In this series of articles, I’ll be posting reviews that have recently resurfaced. A number of the reviews I wrote in the past I thought had been lost to time, but after coming to a realization that they might still exist on the Wayback Machine, I was able to relocate many of them. I believe there are still some that are lost and they may be lost in perpetuity, but I will periodically search for that data or re-write those reviews that I have never found or which I never wrote to begin with.
For now, this series will be extensive with over 300 regular (400+ words), short (400- words), and quickie (1 to 2 paragraphs) reviews. I will attempt to combine them as best as I can. Reviews written in early 1998 or earlier, no date of creation exists. I will post the original writing date where known, otherwise the date will be listed as “unknown.” These reviews were written between the date of my site’s founding in 1996 through much of 2002. It was only after this period that I settled on the standard format and length of reviews as well as posting each one to its own individual page, which is why the old data was ultimately lost.
All but the review content has been replaced to match my current formatting guidelines, which are a bit more thorough than they might have been in those early days. Please note that I am attempting to retain as much of the original editing integrity as possible, so spelling and/or grammar errors may still be present. This may also mean that some factual data is not there as IMDb was not as ubiquitous as it is now. So, let’s get on to today’s review.
Sugar & Spice
Marla Sokoloff, Marley Shelton, Melissa George, Mena Suvari, Rachel Blanchard, Alexandra Holden, Sara Marsh, James Marsden, Sean Young, W. Earl Brown, Adam Busch, Jake Hoffman, Nate Maher, David Belenky, Wiley Harker, Kurt Loder, Jerry Springer
It all started with an “illegal dismount.” That’s what B-team cheerleader Lisa believes in the goody-goody-cheerleaders-go-bad comedy “Sugar & Spice.”
Every high school has them and every girl wants to be one of them and every boy wants to be with them. The trouble is that with all the pressures placed on them, it’s not hard to understand why they might turn to a life of crime. Ok, so the premise is a bit hoaky, but with the right touch of teen angst, original comedy and talented teen performances, “Sugar” is as sweet and tart as it should be.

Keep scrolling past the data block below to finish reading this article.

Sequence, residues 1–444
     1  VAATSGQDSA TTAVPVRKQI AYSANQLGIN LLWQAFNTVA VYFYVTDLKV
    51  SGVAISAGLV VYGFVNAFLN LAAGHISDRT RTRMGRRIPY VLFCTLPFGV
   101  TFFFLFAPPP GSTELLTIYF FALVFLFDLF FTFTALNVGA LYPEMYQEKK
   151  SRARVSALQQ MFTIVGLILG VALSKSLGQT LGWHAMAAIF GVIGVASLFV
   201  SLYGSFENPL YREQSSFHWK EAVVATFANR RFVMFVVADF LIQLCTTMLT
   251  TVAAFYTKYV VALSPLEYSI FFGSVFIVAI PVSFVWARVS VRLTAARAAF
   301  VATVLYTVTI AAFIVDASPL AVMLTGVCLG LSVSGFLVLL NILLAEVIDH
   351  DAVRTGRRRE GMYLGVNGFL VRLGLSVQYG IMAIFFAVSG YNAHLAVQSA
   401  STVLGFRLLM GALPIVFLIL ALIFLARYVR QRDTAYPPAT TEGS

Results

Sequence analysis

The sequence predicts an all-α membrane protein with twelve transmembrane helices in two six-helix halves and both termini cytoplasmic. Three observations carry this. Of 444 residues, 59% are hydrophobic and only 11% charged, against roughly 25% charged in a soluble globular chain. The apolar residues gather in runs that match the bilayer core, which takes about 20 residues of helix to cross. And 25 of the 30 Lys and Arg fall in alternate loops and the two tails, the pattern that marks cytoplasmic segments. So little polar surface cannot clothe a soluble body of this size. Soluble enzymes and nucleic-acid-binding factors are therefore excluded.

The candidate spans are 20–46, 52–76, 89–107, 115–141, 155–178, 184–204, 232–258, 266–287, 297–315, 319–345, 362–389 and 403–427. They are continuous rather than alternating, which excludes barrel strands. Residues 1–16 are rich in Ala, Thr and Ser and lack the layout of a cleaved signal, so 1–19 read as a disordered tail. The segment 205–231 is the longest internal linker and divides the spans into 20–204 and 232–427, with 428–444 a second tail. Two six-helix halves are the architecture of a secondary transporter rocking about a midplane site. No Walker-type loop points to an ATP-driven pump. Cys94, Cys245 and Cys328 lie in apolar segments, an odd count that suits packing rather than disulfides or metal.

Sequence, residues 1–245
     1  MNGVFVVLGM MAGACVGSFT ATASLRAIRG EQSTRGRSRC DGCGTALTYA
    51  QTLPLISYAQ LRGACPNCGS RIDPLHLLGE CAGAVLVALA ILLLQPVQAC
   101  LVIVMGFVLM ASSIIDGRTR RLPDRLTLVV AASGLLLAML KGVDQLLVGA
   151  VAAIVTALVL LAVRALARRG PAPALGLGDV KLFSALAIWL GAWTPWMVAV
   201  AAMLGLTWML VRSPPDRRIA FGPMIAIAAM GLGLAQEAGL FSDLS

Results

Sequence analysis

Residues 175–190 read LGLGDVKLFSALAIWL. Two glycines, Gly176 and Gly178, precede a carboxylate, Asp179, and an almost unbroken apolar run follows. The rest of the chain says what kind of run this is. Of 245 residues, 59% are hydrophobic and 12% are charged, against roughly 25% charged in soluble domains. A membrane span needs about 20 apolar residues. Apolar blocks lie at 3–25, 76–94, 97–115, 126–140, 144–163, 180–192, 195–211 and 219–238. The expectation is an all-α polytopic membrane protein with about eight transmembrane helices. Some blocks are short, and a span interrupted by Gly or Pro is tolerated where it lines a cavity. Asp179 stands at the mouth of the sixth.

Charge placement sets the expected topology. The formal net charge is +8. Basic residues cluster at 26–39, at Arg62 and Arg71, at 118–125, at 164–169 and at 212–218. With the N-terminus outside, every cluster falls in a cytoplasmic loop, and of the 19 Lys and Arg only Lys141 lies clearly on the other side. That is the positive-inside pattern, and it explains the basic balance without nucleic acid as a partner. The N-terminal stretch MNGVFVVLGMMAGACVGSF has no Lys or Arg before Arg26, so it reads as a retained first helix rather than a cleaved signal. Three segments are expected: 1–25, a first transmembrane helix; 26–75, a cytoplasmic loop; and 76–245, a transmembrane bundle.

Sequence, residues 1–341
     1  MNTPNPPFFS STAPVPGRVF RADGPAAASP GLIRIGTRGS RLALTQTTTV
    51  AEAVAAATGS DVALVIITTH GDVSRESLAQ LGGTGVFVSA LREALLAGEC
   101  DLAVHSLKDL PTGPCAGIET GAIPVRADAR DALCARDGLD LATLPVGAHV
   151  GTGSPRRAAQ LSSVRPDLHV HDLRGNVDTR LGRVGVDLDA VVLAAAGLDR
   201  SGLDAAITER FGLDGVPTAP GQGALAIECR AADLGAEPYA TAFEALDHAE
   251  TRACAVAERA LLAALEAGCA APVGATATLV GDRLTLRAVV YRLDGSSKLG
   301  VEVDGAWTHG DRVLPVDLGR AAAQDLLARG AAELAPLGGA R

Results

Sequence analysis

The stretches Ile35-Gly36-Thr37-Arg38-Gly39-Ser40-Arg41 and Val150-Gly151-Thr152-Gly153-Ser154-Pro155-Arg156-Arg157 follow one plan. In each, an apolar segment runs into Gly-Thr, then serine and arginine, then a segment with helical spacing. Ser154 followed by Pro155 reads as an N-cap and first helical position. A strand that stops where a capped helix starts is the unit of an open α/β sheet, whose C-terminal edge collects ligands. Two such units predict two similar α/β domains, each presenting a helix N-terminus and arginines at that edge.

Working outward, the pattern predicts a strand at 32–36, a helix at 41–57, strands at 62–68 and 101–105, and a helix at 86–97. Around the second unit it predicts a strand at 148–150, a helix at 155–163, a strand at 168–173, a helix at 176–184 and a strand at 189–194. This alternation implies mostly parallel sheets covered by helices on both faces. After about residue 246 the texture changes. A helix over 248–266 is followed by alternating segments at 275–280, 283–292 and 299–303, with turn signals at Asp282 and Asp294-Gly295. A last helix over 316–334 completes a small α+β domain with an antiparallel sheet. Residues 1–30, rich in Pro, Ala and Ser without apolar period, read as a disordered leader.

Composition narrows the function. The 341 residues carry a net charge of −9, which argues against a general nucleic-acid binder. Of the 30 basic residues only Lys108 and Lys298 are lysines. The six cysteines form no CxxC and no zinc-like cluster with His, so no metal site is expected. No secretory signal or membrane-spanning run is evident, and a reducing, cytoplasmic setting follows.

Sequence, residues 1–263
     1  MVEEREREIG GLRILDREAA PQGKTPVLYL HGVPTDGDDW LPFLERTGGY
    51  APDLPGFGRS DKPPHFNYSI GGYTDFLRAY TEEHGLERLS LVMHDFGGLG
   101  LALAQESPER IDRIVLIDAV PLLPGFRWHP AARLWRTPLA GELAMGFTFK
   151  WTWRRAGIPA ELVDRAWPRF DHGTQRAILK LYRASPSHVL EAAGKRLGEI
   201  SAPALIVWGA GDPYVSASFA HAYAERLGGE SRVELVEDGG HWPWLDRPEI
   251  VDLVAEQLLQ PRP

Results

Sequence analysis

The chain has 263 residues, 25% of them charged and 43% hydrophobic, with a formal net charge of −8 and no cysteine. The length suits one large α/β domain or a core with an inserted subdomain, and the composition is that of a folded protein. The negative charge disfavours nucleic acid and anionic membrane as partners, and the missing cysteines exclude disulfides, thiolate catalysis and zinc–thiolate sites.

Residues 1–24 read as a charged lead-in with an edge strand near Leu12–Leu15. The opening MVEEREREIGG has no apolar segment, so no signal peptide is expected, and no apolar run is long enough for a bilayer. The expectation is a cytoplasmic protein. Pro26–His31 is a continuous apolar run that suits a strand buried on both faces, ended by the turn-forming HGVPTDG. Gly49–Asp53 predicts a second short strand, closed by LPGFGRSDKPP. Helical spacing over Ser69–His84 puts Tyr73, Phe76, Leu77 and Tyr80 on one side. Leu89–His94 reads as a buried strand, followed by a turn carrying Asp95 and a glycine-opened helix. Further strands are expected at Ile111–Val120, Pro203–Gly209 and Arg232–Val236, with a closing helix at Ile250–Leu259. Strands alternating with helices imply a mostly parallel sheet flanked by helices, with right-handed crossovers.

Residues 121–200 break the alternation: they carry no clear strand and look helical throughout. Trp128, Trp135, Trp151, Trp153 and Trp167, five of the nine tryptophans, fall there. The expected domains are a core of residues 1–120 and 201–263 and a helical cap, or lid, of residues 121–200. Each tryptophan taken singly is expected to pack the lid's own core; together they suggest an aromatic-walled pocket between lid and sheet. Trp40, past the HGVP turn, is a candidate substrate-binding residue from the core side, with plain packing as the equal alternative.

The film centers on a group of five cheerleaders, part of the A-Squad, who turn to a life of crime when their squad captain Diane (Marley Shelton) gets knocked up by boyfriend Jack (James Marsden). They decide to knock over a bank and in preparation, they each have their own way of researching. Kansas (Mena Suvari) is the daughter of a convict (Sean Young) and seeks her motherly advice. Each of the others must watch various bank robbery movies at home in preparation.
Each of the girls has a slight nuance that intimately captures many of the stereotypical and not-so-stereotypical cheerleaders. Cleo (Melissa George) has a severe Conan O’Brien fetish, going so far as to picture every guy with Conan’s head. Hannah (Rachel Blanchard) is trapped in a über-religious family where she must only watch G-rated films, like “The Apple Dumpling Gang” for inspiration. Lucy is a career-minded girl who doesn’t want to jeopardize her collegiate career, but helps the girls plan in detail.
At one point, they decide they need weapons to pull the job effectively and in order to get them, they must promise to give a shady dealer’s daughter Fern (Alexandra Holden) a position on the team. It’s this decision that finally piques the ire of rival B-teamer Lisa (“The Practice’s” Marla Sokoloff) who goes to the police and begins the film by telling her story.
Each of the actresses takes great pains to portray their characters realistically, yet with a touch of comedic zest. Director Francine McDougall manages to take the amazingly insightful script and translate it to the screen with the passion of a teen film and the nuances of an adult comedy. Together, the blend is enough to make this a teen girl’s version of “Grosse Pointe Blank.”
There are some problems with the film that make it hard to enjoy completely. The studio didn’t put in enough money to improve the photography, editing or other technical components. There’s also a slight difficulty in the otherwise witty screenplay. Many of the situations don’t ring as true as they should, but as a comedy we have to expect that to an extent.
Everyone has a film that they truly enjoy, but find it hard to admit. “Sugar & Spice” is a movie that could easily become one’s “guilty pleasure.” This is especially true with younger audiences who are likely to find allegories within the film’s precious narrative.
This film won’t win awards, but it’s great fun anyway.
March 23, 2001